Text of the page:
PAYDAY lenders face a crackdown from financial regulators with tougher rules that will stop loans being granted in minutes and make it harder for companies to take money out of customers’ bank accounts.
In future, lenders will have to carry out “affordability checks” before handing out loans while companies will be forced to place risk warnings on their promotions and advertising, urging consumers to “think” before taking out a payday loan.
Lenders will also only be able roll over unpaid loans twice to stop borrowers sinking into a spiral of debt.
The proposed new rules, which will come into force next year, aim to combat soaring complaints about the £2bn sector, which has doubled in size in the last few years and is used by an estimated two million customers.
But campaigners warned the new rules from the Financial Conduct Authority (FCA) are still not strong enough.
Sheffield Central MP Paul Blomfield, who is pushing a Bill through Parliament to tighten restrictions on payday lenders, said: “I’m pleased that the FCA has recognised the issues that I was raising in my High Cost Credit Bill, but their proposals don’t go far enough.
“We need tougher controls on payday advertising – with clear ‘health warnings’ and signposts to free debt advice on all adverts.
“Affordability checks need to be matched with mandatory real-time data collection and we need lending limits.”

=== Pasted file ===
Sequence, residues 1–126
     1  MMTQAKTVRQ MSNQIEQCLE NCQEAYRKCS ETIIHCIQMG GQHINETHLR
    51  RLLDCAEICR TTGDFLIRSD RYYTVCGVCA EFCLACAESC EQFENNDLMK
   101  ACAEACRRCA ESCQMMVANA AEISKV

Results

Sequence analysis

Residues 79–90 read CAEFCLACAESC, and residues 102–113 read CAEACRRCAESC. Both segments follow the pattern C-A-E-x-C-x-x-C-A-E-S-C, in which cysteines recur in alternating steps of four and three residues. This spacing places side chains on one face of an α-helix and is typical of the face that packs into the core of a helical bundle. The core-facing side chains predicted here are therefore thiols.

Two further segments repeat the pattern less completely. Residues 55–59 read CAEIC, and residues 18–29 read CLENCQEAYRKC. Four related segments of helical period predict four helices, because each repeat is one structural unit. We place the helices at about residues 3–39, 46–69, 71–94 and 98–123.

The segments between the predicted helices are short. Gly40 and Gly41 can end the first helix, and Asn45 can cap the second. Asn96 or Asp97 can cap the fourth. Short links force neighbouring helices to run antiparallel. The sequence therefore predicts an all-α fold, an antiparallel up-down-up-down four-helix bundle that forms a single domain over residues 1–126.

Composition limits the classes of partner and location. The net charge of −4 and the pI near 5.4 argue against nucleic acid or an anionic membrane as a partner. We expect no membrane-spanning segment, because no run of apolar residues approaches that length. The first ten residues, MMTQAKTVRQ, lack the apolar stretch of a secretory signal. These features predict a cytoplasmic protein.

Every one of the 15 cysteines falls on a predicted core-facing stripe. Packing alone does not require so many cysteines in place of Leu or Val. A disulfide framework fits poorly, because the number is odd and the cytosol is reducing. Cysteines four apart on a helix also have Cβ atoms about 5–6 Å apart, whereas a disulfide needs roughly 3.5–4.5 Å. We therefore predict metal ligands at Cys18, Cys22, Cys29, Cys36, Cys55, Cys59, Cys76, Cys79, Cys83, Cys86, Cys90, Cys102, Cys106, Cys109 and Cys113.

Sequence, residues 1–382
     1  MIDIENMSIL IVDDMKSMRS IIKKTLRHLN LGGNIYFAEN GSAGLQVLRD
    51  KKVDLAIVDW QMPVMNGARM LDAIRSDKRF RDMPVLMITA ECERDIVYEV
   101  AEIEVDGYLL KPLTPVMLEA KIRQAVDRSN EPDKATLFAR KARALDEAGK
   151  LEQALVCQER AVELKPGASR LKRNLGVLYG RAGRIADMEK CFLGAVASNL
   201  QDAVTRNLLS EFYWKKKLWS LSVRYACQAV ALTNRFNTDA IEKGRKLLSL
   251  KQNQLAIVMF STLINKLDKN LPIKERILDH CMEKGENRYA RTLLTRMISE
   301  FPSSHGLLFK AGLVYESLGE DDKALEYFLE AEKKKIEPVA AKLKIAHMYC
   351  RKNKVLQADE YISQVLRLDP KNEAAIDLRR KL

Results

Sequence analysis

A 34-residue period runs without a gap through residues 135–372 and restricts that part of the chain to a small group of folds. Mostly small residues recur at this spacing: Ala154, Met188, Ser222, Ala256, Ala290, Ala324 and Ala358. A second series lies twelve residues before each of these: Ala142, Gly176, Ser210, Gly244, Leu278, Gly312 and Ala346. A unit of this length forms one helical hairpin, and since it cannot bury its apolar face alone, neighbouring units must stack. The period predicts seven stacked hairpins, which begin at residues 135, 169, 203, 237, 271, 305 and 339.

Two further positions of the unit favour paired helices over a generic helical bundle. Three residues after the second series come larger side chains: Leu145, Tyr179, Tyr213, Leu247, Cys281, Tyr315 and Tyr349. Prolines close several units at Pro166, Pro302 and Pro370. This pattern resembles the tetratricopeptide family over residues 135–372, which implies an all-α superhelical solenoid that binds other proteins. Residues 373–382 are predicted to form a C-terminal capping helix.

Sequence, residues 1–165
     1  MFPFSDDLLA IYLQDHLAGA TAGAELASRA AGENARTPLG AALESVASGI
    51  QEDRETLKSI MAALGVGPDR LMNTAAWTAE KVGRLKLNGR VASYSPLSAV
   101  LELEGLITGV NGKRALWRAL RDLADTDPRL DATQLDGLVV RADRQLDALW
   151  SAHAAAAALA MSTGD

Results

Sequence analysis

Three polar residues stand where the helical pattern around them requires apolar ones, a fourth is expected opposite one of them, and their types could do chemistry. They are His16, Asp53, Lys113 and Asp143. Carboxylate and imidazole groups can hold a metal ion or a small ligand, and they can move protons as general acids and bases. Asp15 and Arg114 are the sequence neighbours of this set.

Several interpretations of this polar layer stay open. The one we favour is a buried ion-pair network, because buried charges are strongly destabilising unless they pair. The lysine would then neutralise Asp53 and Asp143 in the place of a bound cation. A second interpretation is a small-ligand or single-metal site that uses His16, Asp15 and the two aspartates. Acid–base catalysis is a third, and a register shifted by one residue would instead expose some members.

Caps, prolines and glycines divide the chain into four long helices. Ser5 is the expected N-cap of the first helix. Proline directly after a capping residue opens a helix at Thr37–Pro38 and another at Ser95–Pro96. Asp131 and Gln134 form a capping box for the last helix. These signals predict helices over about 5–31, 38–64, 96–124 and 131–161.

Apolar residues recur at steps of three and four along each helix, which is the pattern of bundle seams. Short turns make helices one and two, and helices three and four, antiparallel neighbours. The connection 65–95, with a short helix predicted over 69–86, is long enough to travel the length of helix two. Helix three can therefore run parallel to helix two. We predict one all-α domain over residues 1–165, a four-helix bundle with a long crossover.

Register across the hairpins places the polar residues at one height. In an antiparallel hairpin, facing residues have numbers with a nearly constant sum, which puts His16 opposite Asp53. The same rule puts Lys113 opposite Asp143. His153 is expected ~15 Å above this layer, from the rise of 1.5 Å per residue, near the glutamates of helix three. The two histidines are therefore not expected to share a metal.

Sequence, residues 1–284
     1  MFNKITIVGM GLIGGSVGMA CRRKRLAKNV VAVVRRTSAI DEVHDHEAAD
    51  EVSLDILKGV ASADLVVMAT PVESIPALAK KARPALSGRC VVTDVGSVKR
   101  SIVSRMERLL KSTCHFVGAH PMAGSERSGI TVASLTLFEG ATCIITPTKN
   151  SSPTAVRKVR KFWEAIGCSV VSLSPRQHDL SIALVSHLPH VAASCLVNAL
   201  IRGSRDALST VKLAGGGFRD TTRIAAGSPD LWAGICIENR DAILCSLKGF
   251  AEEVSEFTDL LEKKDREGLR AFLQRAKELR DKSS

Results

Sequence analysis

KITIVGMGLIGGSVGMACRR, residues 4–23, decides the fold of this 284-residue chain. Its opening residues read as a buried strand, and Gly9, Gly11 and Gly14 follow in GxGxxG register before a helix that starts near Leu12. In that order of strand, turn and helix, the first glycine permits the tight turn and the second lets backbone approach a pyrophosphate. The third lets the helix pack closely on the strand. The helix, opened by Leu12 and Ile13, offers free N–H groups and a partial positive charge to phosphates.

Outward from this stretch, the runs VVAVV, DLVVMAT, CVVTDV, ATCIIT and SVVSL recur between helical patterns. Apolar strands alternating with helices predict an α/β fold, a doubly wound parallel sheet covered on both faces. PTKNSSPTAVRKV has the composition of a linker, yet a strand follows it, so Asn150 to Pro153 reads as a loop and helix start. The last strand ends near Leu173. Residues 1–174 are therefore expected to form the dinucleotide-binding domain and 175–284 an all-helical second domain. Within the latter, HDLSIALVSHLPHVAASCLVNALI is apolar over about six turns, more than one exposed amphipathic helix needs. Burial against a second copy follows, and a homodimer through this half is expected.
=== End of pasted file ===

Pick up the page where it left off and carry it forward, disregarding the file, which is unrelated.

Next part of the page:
The new rules follow action taken by the six councils covering West Yorkshire and York which recently banned all access to payday lender websites from their computers including those used by the public in libraries and contact centres.
FCA chief executive Martin Wheatley said the plans will put a stop to some consumers being able to get the go-ahead for a loan in around 10 minutes.
He said “The fact you can get a loan in 10 minutes means the person lending to you isn’t really doing the proper affordability checking.”
The FCA plans to limit the number of unsuccessful attempts that lenders can make to try to take money from borrowers’ bank accounts, by using a type of recurring payment called a continuous payment authority (CPA), to two.
Promotions by payday firms will carry the risk warning: “Think! Is this loan right for you? Over two million short-term loans were not paid off on time in 2011-12. This can lead to serious money problems.”
Consumers will be pointed in the direction of the Government-backed Money Advice Service for help. Payday firms would also need to incorporate this into emails and social media.
Russell Hamblin-Boone, chief executive of the Consumer Finance Association, which represents short-term lenders, said restrictions on payday firms in Australia had led to more people turning to illegal lenders.
He also rejected the link between the time taken to approve a loan and whether it is affordable.
Mr Hamblin-Boone said: “Our members have no desire to lend to customers who cannot afford to repay a loan.
“That’s why responsible payday lenders apply the same level of expertise to assessing creditworthiness as banks and credit card providers, including carrying out credit checks on new customer applications.
“Modern technology means that this can happen very quickly. Our members check thousands of pieces of data during their affordability assessments, but the customer is not asked thousands of questions.
“That doesn’t mean the checks aren’t being carried out.”